Focus on the word, “fringe.” This word can also be translated, “tassel,” and in Jesus’ day, there were four tassels at the bottom of the outer garment. Today, those tassels can still be seen on Jewish prayer shawls.

-Immediately her hemorrhage stopped; and she felt in her body that she was healed of her disease.

-Immediately aware that power had gone forth from him, In spite of the crushing mob of humanity around Jesus, pushing and pulling and touching him, Jesus knew that this woman had touched the hem of his garment and the power of God had gone out from him to heal this woman. Jesus was filled with the power of God, the power of the Holy Spirit, the power of the healing and compassion, and this power went out from Jesus. We also hear in Acts 1:8 that this power will be given to us as Christians, that we too have the power of God inside of us. No, not a power that is the same as the power in Jesus, but a power similar to Jesus. Within us, there is a power to heal, a power to love, a power to help cure the ills of the world. … Also, many of us feel the same thing from people of enormous giftedness e.g. wanting to touch Mother Theresa’s hand or shake hands with Nelson Mandella or Abraham Lincoln or a host of other famous and gifted people. It is our desire that that special qualities in them would rub off on us.

-Jesus turned about in the crowd and said, "Who touched my clothes?" William Barclay, in his commentary on the book of Matthew, is at his best when he writes: “When she touched it, it was as if time stood still. It is as if we were looking at a motion picture, a film, and suddenly the picture stopped and left us looking at one scene. The extraordinary and movingly beautiful thing about this scene is that suddenly in the midst of the crowd, Jesus stopped, and for the moment, it seemed that for him that no one but the woman and her need existed.” “For Jesus, no one ever is ever lost in the crowd.”

And God is like that. Barclay goes on to tell a story about the sinking of the unsinkable ship, Titanic, in April of 1912.  The next day, the headline of a famous newspaper was devoted entirely and exclusively to the death of the multimillionaire, John Jacob Astor. At the end of the article, the newspaper almost casually mentioned the other 1800 people who died. The other 1800 were not that important. Such is the attitude of the world and many public media, but not God, the Father of our Lord Jesus Christ. The Lord is concerned about every single person and no person is lost in the crowd, however unimportant that person may be in the eyes of the world.

-And his disciples said to him, "You see the crowd pressing in on you; how can you say, "Who touched me?' " He looked all around to see who had done it.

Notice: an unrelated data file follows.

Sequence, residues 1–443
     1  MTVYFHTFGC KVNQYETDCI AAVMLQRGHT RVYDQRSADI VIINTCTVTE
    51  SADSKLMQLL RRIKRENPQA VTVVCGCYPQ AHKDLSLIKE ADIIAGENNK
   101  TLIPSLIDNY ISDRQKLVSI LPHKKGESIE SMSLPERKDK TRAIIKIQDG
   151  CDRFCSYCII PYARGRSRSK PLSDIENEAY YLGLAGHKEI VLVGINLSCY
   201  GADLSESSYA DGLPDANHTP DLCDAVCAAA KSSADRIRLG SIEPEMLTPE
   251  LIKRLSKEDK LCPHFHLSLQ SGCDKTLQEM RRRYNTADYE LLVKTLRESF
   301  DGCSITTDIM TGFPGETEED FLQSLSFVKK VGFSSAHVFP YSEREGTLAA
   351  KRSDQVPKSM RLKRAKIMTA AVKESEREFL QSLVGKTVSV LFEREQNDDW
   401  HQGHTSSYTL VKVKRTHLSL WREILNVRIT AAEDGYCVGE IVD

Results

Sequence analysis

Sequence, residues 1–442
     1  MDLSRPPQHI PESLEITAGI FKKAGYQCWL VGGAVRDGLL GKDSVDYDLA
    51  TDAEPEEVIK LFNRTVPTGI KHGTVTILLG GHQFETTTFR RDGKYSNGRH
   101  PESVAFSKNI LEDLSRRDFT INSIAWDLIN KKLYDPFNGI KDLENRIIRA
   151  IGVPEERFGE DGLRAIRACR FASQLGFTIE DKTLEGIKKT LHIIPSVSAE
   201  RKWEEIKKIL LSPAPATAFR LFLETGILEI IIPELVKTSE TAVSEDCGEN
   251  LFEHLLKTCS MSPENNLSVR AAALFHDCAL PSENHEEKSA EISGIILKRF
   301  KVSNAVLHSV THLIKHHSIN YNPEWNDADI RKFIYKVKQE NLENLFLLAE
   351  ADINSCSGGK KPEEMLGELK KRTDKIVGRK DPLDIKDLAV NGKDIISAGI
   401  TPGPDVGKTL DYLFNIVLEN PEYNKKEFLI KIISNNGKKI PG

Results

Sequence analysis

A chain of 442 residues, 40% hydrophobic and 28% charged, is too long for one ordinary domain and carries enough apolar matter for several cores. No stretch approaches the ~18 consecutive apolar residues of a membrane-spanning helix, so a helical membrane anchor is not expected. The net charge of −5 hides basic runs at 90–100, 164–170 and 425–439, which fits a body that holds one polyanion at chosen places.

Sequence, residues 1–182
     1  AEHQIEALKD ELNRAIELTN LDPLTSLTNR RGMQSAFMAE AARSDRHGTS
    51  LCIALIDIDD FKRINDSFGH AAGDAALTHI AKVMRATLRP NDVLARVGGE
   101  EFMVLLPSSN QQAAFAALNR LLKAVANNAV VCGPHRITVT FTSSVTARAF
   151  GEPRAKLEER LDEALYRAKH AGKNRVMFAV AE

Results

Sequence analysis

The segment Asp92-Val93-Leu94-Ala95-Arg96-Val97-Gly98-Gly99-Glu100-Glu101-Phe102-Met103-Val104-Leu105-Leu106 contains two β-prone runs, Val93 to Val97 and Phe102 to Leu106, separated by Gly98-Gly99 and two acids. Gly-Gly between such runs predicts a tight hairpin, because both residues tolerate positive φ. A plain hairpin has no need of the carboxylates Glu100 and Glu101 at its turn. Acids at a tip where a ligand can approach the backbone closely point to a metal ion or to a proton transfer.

-But the woman, knowing what had happened to her, came in fear and trembling, fell down before him, and told him the whole truth. We can see this woman. Simon Peter was at his best as he was retelling this story. The woman approached Jesus, shaking with fear and fell down before him and told it all. She told him the whole truth about what she had done.

That is what God wants from us. God wants to tell God the whole truth about ourselves and our need for healing.

 Like Jairus with his dead daughter and the centurion with his sick slave/son, this woman too was desperate and she needed the healing of Jesus. So we see three unique kinds of people and three unique shapes of faith: a Roman centurion, a presiding officer of the synagogue, and a sick woman who was the poorest of the poor of her society. Three stories. Three people. Three different shapes of faith. But all believing that Jesus could bring healing to their lives. 

-He said to her, "Daughter, your faith has made you well; go in peace, and be healed of your disease." As with the other stories, we are again encounter the power of faith in Jesus and how that power of faith is part of a cure.

A question almost always rises: “How about people who have deep faith in Jesus and his healing power and those people were not healed? How do you explain that?” We have dealt with this question many times in our lives, and we deal with it especially during those times when our family member or friend is sick and they are not being healed physically.

Or, maybe that person is yourself or myself who is not being healed. We often ask: “What is wrong with my faith? How come I am not being healed? How come my loved one is not being healed? Do I not believe enough? Do they not believe enough?”

As human beings, we are forever asking those questions, even when we are older and supposedly more mature. It is a condition of our humanity to ask such questions because all human beings ask them at sometime or another.

And we all know the answer. That is, not every one is emotionally or physically healed, regardless of the depth and sincerity of our faith and our prayers. Life does not work that way.

When a person is not healed physically, we ask other prayers e.g. “God, give that person (or myself) the strength and wisdom we need for living with this infirmity. Help us to handle this awful situation. Please God, we need your strength and wisdom to face what life is giving to us.”

-While he was still speaking, some people came from the leader's house to say, "Your daughter is dead. Why trouble the teacher any further?" Now, we are back to the original story. We have finished the story within a story, and now we are back to the first plot. Jairus’ daughter. She is dead. Do not bother Jesus anymore because Jairus’ only daughter has died.